Intentional abortions are distinguished by medical writers into two classes. When they are brought about for social reasons, physicians style them criminal; and they are rightly condemned under any circumstances whatsoever. They express utter contempt for the doctors and midwives concerned in them. They usually strive to prevent such crimes by all means possible in their power. "Often, very often," said Dr. Hodge, of the University of Pennsylvania, "must all the eloquence and all the authority of the practitioner be employed; often he must, as it were, grasp the conscience of his weak and erring patient, and let her know, in language not to be misunderstood, that she is responsible to the Creator for the life of the being within her" (Wharton and Stille's Med. Jurispr., Vol. on Abortion, II). The name of obstetrical abortion is given by physicians to such as is performed to save the life of the mother. Whether this practice is ever morally lawful we shall consider below. Of late years the leaders of the medical profession have employed commendable industry in lessening the frequency of its performance. Aside from moral considerations, they count it a gross blunder against the science of obstetrics to sacrifice the life of the child unless it be the only means to save the mother's life. Their efforts have met with gratifying success. The most enlightened among them never perform or permit abortion in any case whatever. At the sixty-first Annual Meeting of the British Medical Association (1893), which counts about fifteen thousand practitioners, Dr James Murphy said in his presidential address before the section of Obstetric Medicine and Gynecology: "It is not for me to decide whether the modern Cæasarean section, Porro's operation, symphysiotomy, ischiopubotomy, or other operation is the safest or most suitable; not yet is there sufficient material for this question to be decided. But when such splendid and successful results have been achieved by Porro, Leopold, Saenger, and by our own Murdock Cameron, I say it deliberately, and with whatever authority I possess, and I urge it with all the force I can muster, that we are not now justified in destroying a living child," (Brit. Med. Journ., 26 August, 1893). While the medical profession is thus striving, for scientific reasons, to diminish the practice of abortion, it is evident that the determination of what is right or wrong in human conduct belongs to the science of ethics and the teaching of religious authority. Both of these declare the Divine law, "Thou shalt not kill". The embryonic child, as seen above, has a human soul; and therefore is a man from the time of its conception; therefore it has an equal right to its life with its mother; therefore neither the mother, nor medical practitioner, nor any human being whatever can lawfully take that life away. The State cannot give such right to the physician; for it has not itself the right to put an innocent person to death. No matter how desirable it might seem to be at times to save the life of the mother, common sense teaches and all nations accept the maxim, that "evil is never to be done that good may come of it"; or, which is the same thing, that "a good end cannot justify a bad means". Now it is an evil means to destroy the life of an innocent child. The plea cannot be made that the child is an unjust aggressor. It is simply where nature and its own parents have put it. Therefore, Natural Law forbids any attempt at destroying fœtal life.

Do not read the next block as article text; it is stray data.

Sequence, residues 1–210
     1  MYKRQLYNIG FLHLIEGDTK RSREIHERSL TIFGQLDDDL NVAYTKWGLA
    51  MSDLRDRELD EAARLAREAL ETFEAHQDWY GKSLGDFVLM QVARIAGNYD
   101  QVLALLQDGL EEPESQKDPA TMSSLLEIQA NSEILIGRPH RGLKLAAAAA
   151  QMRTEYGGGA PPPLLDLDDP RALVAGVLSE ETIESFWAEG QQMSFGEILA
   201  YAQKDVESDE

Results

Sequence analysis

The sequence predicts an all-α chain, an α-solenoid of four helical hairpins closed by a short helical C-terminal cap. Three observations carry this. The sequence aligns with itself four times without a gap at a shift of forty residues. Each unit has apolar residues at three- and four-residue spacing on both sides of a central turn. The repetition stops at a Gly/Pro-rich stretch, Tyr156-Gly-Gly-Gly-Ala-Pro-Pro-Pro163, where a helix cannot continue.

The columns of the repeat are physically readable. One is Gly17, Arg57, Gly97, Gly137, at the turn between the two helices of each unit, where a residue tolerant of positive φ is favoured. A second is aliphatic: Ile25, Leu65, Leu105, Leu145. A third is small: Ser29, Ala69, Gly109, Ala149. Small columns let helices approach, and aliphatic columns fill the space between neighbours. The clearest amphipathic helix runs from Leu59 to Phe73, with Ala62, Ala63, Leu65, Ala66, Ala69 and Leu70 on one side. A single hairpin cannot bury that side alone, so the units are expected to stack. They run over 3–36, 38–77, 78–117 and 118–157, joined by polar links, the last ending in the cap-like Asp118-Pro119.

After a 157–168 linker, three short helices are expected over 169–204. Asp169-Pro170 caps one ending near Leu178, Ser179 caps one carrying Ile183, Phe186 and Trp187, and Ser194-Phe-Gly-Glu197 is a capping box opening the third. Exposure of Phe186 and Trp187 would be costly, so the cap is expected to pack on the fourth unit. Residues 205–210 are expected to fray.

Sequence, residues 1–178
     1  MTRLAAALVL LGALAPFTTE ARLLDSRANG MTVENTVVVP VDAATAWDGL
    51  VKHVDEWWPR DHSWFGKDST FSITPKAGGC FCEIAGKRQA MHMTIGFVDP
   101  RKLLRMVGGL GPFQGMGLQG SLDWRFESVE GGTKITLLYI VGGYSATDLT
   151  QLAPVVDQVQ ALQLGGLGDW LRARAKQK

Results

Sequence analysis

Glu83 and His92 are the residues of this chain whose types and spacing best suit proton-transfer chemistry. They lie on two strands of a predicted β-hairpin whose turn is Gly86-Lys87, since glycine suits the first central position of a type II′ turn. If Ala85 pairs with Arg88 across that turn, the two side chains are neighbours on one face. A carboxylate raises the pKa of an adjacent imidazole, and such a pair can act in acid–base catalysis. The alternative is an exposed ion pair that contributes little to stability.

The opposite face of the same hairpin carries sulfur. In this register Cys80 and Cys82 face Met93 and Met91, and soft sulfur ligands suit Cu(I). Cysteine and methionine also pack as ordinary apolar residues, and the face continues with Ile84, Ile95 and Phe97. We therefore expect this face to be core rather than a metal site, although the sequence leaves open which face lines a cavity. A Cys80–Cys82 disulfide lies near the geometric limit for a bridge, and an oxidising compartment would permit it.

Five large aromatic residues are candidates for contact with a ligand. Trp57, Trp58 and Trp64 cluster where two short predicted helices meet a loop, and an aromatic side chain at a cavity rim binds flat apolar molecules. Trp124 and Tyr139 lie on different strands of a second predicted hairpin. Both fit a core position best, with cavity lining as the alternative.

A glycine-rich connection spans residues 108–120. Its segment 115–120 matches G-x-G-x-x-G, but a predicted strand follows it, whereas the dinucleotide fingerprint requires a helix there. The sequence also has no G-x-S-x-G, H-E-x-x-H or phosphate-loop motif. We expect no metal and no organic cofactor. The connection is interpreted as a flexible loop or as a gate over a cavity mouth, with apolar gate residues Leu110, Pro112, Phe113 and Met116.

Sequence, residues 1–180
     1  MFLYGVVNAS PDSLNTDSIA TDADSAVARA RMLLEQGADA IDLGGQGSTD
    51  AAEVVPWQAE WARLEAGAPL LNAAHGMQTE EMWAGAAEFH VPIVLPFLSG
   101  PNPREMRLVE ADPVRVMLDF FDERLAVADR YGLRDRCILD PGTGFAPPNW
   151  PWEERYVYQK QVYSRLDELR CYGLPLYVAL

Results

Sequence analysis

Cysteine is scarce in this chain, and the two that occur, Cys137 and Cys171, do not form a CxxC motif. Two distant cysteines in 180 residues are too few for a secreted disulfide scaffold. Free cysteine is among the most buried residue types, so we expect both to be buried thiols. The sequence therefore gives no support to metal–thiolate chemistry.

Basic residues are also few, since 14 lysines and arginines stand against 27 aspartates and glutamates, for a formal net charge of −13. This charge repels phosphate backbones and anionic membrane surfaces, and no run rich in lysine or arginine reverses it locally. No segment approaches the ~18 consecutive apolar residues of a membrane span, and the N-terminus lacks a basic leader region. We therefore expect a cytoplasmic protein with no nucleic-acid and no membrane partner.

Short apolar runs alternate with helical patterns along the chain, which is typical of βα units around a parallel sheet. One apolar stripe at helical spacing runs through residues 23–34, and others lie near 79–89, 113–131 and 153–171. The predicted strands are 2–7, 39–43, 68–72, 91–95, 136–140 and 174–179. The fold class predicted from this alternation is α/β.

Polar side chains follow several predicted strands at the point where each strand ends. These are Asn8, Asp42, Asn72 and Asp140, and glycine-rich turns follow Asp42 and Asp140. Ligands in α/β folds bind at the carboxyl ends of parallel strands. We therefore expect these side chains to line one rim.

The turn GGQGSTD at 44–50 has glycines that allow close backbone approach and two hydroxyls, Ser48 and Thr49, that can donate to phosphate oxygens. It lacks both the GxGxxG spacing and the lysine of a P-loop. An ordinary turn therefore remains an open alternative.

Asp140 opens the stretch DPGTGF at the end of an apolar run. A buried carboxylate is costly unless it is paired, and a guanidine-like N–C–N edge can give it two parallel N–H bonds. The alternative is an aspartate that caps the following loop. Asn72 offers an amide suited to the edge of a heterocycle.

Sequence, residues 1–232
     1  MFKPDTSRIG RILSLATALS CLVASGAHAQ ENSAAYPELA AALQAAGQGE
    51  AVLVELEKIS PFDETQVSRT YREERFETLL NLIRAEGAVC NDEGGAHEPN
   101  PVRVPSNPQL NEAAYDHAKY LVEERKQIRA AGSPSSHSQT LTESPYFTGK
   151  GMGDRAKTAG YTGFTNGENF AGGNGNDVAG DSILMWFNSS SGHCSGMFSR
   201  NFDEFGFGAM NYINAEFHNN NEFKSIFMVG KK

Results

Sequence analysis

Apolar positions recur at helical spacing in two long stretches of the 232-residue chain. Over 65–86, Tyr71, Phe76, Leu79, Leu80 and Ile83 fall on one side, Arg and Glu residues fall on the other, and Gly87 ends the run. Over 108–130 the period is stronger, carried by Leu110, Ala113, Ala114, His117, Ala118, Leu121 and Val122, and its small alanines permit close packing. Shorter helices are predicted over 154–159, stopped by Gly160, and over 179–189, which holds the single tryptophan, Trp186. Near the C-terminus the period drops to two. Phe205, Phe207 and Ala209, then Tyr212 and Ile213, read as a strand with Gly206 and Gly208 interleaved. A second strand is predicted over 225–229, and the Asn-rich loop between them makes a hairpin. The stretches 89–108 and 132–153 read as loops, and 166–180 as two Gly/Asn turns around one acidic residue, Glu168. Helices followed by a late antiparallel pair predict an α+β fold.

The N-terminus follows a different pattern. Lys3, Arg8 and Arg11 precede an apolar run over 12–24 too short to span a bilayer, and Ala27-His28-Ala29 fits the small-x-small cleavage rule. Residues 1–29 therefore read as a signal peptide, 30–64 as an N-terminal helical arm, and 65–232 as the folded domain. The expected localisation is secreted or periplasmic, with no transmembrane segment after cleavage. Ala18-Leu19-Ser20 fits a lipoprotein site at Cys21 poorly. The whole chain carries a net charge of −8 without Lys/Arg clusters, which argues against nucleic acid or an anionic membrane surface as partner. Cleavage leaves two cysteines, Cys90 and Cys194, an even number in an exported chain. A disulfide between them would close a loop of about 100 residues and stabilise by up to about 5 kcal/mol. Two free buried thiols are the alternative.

The teachings of the Catholic Church admit of no doubt on the subject. Such moral questions, when they are submitted, are decided by the Tribunal of the Holy Office. Now this authority decreed, 28 May, 1884, and again, 18 August, 1889, that "it cannot be safely taught in Catholic schools that it is lawful to perform … any surgical operation which is directly destructive of the life of the fœtus or the mother." Abortion was condemned by name,